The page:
Man likes to fancy himself to be at the top of the food chain based almost solely on the fact that he has this big brain and whatnot. Never mind the fact that if you toss most of us against any animals, we’d end up as a pile of feces on the forest quite quickly. And that is (generously) assuming we don’t freeze to death or die eating the wrong mushroom before we even get a chance to dabble with fighting the local fauna. Some facets of life have been a hard study for me, but I learned not to make the aforementioned assumptions fairly early on in life.
This isn’t me being a curmudgeon. I’m not afraid that my life will be all for nothing. Rather, I’m afraid that this will be all for nothing – the writing the philosophizing, the exploration of the human mind with my focus on existentialism.
My nihilist bent.
When time is winding down, there really is no way to predict how I’ll act in that moment. The moment when the music stops. I freely admit the the thought of facing death and caving might be the last true remnant of my existential dread. It fucking terrifies me.
One of the bigger ironies is that we place so much stock in the virtue of the hero, yet, by and large, we are ridiculous and cowardly. This entire concept was the foundation of much of Ernest Becker’s work. I’m no anthropologist, but I’d have to speculate that most primitive humans weren’t exactly shining examples of heroism, especially considering that we probably wouldn’t be here if taking excessive risk and bold, fearless action was programmed into our genetic code.
Really, it’s survival of the fittest, and based on the factory equipped model of Homo Sapiens, I’d be willing to wager that “fittest”, in this case, involves those who were best at running, hiding, and generally getting out of Dodge when the shit hit the fan. Perhaps that was the birth of the hero projects, as Becker calls them.
Our well-meaning attempts to leave a lasting mark on a planet that couldn’t care less that we are here.
Our feeble attempts to convince ourselves and, yes, sometimes those around us, that the above sentence is true…regardless of the cost.
As I’ve spoken about before, much of my zoning out and daydreaming, as far back as I can remember, revolves around me being someone I’m not. And that person is heroic. Or anti-heroic. Or, really anyone stronger and better and bolder and braver than I am.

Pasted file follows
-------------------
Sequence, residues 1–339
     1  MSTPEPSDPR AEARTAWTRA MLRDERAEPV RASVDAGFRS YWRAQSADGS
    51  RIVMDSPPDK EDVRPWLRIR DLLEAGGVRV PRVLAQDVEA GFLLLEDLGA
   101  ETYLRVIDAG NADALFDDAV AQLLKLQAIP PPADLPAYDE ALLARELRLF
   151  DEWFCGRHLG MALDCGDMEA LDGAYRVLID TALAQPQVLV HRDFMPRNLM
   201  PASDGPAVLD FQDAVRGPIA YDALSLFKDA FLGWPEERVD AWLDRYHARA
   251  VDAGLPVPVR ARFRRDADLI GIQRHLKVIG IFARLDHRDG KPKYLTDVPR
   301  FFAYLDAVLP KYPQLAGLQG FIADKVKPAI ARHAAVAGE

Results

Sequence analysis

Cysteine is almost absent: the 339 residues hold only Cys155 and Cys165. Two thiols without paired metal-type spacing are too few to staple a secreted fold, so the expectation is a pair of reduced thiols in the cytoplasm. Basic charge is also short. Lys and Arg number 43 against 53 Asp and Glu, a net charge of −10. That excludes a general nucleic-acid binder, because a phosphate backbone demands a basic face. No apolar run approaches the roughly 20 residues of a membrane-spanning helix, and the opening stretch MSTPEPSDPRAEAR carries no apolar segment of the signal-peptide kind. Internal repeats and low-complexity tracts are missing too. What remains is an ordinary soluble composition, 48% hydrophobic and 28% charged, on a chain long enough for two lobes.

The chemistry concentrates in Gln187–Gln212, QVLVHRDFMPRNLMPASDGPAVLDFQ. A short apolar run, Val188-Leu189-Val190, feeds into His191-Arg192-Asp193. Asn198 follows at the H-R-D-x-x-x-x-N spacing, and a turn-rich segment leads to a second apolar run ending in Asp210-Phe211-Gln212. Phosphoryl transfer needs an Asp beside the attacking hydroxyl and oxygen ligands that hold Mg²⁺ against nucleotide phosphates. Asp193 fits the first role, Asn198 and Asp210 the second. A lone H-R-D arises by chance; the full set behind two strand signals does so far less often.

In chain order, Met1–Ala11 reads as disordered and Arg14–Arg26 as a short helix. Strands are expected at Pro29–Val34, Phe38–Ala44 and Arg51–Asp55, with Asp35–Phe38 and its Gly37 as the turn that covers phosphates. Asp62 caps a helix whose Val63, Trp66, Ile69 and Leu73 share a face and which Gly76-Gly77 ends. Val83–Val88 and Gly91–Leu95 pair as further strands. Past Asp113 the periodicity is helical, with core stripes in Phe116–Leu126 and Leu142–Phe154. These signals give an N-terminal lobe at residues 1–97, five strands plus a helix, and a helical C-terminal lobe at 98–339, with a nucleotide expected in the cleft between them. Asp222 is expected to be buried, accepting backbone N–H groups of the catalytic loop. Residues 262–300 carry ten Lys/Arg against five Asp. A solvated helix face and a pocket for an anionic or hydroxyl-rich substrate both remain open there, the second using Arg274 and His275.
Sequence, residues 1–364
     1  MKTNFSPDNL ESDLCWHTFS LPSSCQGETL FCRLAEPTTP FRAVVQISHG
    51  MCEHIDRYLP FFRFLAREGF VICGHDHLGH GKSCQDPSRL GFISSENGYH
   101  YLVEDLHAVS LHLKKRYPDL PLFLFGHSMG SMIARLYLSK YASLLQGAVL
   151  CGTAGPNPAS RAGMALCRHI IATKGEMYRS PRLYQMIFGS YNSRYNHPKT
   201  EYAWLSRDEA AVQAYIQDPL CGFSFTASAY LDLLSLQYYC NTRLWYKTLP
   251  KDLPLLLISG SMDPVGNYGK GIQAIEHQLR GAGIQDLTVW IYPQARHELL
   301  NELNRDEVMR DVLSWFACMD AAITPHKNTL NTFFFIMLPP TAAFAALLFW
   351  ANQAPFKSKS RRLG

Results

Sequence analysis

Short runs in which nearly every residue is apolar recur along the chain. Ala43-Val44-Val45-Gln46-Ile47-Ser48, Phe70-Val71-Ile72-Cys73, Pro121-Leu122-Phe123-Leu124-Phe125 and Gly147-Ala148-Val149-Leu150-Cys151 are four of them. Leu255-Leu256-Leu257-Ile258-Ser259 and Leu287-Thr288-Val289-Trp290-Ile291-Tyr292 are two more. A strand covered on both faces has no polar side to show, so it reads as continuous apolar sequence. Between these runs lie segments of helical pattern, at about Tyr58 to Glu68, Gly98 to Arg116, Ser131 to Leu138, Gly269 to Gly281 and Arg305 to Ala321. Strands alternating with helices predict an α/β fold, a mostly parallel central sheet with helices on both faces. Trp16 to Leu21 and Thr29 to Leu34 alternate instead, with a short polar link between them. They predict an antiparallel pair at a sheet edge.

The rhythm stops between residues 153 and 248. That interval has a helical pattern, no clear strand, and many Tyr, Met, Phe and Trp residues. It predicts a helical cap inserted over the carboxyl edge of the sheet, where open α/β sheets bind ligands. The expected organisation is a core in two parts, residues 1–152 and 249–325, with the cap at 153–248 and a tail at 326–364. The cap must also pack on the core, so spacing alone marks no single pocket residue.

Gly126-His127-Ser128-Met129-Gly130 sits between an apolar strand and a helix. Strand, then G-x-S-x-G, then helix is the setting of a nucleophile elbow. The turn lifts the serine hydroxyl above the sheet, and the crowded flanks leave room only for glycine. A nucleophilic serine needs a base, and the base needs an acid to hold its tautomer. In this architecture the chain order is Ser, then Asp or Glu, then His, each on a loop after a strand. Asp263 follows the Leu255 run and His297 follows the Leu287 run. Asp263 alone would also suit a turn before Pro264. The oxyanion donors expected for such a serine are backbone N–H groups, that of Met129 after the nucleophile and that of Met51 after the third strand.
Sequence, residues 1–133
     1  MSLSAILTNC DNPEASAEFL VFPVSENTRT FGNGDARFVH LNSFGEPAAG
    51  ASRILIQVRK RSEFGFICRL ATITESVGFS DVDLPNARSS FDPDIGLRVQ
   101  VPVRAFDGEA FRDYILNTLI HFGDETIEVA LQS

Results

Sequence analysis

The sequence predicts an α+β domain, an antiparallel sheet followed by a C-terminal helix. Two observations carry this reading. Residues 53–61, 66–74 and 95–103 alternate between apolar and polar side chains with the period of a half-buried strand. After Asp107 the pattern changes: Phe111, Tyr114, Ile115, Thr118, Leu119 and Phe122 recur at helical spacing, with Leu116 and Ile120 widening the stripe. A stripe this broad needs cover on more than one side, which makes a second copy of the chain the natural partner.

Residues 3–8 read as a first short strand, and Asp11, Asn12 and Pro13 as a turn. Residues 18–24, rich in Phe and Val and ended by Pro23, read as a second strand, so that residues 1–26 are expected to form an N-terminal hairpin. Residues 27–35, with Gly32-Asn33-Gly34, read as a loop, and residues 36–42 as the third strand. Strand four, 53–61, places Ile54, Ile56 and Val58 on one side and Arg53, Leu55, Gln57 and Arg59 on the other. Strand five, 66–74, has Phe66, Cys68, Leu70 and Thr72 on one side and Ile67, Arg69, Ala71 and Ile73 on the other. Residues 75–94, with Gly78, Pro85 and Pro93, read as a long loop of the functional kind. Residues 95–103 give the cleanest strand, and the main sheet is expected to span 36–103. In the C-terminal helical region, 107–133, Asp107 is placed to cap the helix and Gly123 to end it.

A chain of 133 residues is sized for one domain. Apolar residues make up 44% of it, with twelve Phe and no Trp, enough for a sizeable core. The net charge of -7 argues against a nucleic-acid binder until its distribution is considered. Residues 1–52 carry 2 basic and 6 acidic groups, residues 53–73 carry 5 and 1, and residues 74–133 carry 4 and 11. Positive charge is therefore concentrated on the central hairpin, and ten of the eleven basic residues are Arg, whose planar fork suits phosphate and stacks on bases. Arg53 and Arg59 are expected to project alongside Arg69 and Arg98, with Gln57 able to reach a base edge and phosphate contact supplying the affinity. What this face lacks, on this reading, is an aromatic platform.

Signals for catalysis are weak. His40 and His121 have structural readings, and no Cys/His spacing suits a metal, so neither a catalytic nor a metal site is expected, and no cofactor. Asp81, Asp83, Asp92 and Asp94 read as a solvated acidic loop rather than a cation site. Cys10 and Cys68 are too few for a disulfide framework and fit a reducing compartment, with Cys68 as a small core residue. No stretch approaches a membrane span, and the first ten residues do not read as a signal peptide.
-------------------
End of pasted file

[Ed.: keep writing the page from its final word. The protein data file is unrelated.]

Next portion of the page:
The voice in my head that screams these articles onto the page is that person that I want to be. For me, it is words. For others, art. For others, sport.
We even live it out in video games. In the Witcher series, King Bran lives to be an old man, and when he begins to feel the wasting, soul-suckling power of time he does things on his own term. He goes off into the wilderness to square off with a grizzly bear.
With just a knife.
Even a king can’t avoid the ceaseless forward march of time.
And yet again we see the romanticized fight in all of us. That fear not just of death, but of impotence, of wasting. Bran didn’t want to wither away, a powerful king reduced to a feeble old man. Why just burn out when you can be a harsh spark and scream your resistance in the black, formless face of the inevitable? Why just lie down and accept it?
Part of me would like to think I wouldn’t shit myself until after I expired, but I’m really not so sure it wouldn’t be in the breaths before.
I’m not worried about dying. My father always had this existential dread, and I found it interesting that one could just waste so much time fretting over the futility of trying to live forever. Not going to lie: I spent a fairly significant amount of time, myself, worrying about it. Not sure when I moved on from it. I still do occasionally find myself pontificating about the shocking fact that I’m probably halfway through my lifespan…and then…nothing.
A lot of it abated when I was rock-bottom and terribly suicidal. There’s probably something to be learned there if I looked hard enough.
Death, really, isn’t the issue. From a logical standpoint, even if death is the end all be all, you won’t even know it. Because you would be dead. This isn’t rocket science.
Rather the problem lies with our general inability to conceptualize that one day our consciousness will cease to be. Listen, I’m human, so the existential dread still slaps me upside my head every now and then, so I get it. In those moments when we are really pulling out our hair over the thought of kicking the bucket, what’s really eating at us is this incredible disbelief that, inevitably, we will cease to be.
I’m actually chuckling as I write this because it is so terribly self-important as to be comical.
In some of my longer philosophical pieces, I take my inherent existentialism to the max by pointing out that even trying to leave our mark (The hero project) is useless because eventually the sun will run out of gas, turn into a red dwarf, and bye bye Earth.
That’s right. There won’t even be marked place left.
And your worried about your mark?
My only residual concern is that I can be genuinely authentic when the time comes and not go back on all the shit I preached. And I just don’t know if I will…nor will I, until the time comes.
Will I freak out?
Will I scream at a god that doesn’t exist?
Will I beg?
Or will I really be heroic?
That person in my head, the one who is behind the curtain REALLY writing this. would be a legend. He’d raise his middle finger to the sky, smile, talk about how he did the best he could while he was here in a place he never asked to be born into in the first place.
He’d laugh at last-minute religious conversion attempts.
He’d tell everyone to kiss his ass.
He’d take that last blast of morphine.
And he’d die.
But I don’t know if I’m ready to be that person when the music stops.